Dollars to Donuts is a tile-laying, puzzle game where players manage their own donut shops; trying to fill up their shop with tasty treats. Each turn players will be purchasing tiles and placing them onto their player mats. The tiles show donut halves which, when matched up perfectly, will create donuts that can be served to customers. If you put together two mis-matched donuts, never fear, those unique confections can be sold off to earn money for purchasing other tiles later. Make sure to fill up your board before the game ends as empty spots will count against your score.
The unique thing about Dollars to Donuts is that the game doesn’t follow conventional tile-laying rules. You can place your tiles any which way you like including pieces that hang partially off the board. Anything goes in the wacky world of donuttery (I assume that is what we call the art of donut making). The game looks deliciously fun for all ages and I think the combination of spatial puzzle and set collection will provide players with a fun challenge to set their brains against. Order up a serving of Dollars to Donuts here on Kickstarter.
Design Eye is a game geared towards encouraging creativity and teaching players about the aspects of being a graphic designer: brand design, print design, packaging design, experiential design, web design, and motion design. Players will move around the board, completing challenges such as drawing out an idea based on a prompt and then presenting to the other players or racing against the clock to answer design theory or history questions with flash cards. By completing challenges, you’ll earn work for your portfolio and the first person to finish their portfolio wins.
Design Eye and games like it are a fantastic way to bring more engagement into the classroom. I could see this sort of game being included in high school art classes to help young minds develop their skills in putting their ideas to paper as well as presenting and critiquing. I do wish there was more description of the gameplay on the campaign page, but there is a more in-depth explanation on the game’s website. I like supporting designers like this who are finding ways to share their passions and educate through gaming. You can learn more about Design Eye here on Kickstarter.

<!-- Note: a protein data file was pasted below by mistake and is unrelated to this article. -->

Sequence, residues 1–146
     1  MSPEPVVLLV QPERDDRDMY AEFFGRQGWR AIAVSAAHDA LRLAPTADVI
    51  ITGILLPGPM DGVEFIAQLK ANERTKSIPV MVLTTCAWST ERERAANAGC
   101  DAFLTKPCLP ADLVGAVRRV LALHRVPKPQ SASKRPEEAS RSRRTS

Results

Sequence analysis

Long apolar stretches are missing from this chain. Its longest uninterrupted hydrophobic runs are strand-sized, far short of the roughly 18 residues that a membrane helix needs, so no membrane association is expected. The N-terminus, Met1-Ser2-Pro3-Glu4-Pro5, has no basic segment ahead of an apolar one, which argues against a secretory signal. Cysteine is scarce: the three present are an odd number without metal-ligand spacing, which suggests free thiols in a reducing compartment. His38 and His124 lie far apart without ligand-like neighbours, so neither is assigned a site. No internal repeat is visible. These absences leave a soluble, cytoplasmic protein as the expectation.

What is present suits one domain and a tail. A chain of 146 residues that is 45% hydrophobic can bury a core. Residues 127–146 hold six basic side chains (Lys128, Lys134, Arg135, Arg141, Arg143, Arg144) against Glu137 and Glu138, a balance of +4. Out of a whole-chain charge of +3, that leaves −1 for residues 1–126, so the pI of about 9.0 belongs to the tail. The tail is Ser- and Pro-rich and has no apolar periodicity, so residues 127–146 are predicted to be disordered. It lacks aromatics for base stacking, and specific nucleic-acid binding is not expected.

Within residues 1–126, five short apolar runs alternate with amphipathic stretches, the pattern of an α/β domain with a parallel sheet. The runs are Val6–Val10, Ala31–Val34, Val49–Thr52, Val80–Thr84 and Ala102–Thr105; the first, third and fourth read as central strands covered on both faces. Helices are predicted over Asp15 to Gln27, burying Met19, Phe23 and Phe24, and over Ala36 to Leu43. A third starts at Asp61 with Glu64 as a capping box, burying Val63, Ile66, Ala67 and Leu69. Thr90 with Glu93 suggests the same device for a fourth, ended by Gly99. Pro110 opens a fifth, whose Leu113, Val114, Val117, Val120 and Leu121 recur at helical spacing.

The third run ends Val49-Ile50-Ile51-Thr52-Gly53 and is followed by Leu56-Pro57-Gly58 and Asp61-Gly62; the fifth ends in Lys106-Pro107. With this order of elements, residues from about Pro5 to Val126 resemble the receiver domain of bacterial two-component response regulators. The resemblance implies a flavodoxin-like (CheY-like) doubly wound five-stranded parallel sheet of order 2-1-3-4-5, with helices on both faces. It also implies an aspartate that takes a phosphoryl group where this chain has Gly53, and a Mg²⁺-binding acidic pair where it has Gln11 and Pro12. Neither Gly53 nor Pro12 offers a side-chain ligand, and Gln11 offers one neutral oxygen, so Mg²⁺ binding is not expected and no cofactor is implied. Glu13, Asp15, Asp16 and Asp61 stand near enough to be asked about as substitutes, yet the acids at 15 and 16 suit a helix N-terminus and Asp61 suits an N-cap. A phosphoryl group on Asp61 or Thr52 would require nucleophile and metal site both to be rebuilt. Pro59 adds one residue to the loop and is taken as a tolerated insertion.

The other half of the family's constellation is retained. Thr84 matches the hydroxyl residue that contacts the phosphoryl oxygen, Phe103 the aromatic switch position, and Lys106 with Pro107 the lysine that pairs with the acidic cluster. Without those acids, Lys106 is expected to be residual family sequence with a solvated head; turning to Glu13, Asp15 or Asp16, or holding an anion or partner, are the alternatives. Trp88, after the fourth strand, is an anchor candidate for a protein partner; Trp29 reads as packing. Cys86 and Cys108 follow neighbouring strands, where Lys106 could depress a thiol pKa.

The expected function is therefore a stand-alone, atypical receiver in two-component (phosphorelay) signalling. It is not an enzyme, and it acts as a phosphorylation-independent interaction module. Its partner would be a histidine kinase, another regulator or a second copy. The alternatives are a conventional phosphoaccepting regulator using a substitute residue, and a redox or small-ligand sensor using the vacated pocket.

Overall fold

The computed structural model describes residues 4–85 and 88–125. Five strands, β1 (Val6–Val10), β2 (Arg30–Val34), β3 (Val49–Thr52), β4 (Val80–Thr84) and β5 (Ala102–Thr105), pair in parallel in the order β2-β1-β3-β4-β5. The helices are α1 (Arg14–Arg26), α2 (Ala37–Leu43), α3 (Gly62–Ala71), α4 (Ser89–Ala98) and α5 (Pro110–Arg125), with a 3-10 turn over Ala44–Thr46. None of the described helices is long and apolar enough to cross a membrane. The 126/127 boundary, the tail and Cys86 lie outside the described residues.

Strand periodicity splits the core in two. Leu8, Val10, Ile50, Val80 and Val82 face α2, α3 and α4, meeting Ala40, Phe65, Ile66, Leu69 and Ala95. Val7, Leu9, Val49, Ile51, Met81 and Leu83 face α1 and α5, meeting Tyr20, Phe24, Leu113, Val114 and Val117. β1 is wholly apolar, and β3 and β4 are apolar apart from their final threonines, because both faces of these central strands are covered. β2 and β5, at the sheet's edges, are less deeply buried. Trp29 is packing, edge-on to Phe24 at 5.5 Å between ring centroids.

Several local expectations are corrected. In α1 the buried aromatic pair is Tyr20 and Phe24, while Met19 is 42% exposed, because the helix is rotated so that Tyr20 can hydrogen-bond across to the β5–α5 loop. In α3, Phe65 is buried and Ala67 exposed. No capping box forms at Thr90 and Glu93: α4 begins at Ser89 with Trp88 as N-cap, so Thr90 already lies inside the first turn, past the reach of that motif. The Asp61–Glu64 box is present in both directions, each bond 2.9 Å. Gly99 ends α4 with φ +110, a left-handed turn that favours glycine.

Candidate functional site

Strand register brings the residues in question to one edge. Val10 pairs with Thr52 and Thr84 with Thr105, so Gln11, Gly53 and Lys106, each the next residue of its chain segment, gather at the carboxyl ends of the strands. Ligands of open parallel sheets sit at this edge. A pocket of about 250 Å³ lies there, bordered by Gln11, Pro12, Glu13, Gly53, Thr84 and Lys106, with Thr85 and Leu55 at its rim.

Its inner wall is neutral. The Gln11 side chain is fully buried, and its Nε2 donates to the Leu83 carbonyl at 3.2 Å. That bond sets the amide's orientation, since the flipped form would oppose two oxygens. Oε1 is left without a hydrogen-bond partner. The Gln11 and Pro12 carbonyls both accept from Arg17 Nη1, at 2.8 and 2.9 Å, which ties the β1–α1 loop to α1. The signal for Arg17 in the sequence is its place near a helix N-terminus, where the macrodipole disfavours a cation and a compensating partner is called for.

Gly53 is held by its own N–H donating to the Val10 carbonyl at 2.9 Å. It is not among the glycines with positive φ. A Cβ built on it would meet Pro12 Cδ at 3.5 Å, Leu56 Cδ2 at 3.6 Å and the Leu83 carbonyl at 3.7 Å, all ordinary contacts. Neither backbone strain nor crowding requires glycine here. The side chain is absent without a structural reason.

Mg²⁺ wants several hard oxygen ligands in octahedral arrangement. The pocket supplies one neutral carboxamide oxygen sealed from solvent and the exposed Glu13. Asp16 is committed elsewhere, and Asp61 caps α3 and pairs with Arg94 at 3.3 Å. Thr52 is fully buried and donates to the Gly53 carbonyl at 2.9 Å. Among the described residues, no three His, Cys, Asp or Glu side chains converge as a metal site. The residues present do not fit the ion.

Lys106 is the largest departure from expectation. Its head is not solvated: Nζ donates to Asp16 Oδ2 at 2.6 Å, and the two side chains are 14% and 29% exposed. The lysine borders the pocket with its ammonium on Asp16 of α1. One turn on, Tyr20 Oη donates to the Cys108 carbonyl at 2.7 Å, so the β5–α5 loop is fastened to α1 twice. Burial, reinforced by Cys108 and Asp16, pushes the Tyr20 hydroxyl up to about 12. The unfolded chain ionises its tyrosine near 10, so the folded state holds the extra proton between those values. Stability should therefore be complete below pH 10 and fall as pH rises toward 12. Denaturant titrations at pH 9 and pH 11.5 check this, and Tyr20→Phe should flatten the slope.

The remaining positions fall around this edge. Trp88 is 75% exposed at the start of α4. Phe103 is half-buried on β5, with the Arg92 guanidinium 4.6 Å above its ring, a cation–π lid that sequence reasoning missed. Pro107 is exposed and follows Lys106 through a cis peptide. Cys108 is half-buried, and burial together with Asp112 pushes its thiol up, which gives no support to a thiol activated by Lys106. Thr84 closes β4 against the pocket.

In Dead Reckoning, players captain a crew of seafarers, exploring the seas in a 4X (Explore, Expand, Exploit, Exterminate) style card game. To build your fortune you’ll need to customize your ship, craft your crew, explore the seas, battle your opponents, and take control of the many islands that promise tempting treasures. The game uses a card-drafting system where your crew is represented by sleeved cards. As you draft new cards, they can be combined with your sleeved cards to add new abilities and skills to your crew members.
I like card crafting games like AEG’s other title Mystic Vale, but where Dead Reckoning really stands out is with it’s unique fighting systems. During a battle you’ll be dropping cubes from all participants of the battle simultaneously into a tower shaped like a pirate ship. Where the cubes land on the board, will determine the outcome of the battle. This looks like it makes fighting the game simple and fast to resolve. The game also uses a “saga” system which means that some parts of the game will remain hidden until luck or player choice reveals them over multiple games. AEG has packed a lot into this one game and I am excited for all of it. You can learn more about Dead Reckoning here on Kickstarter.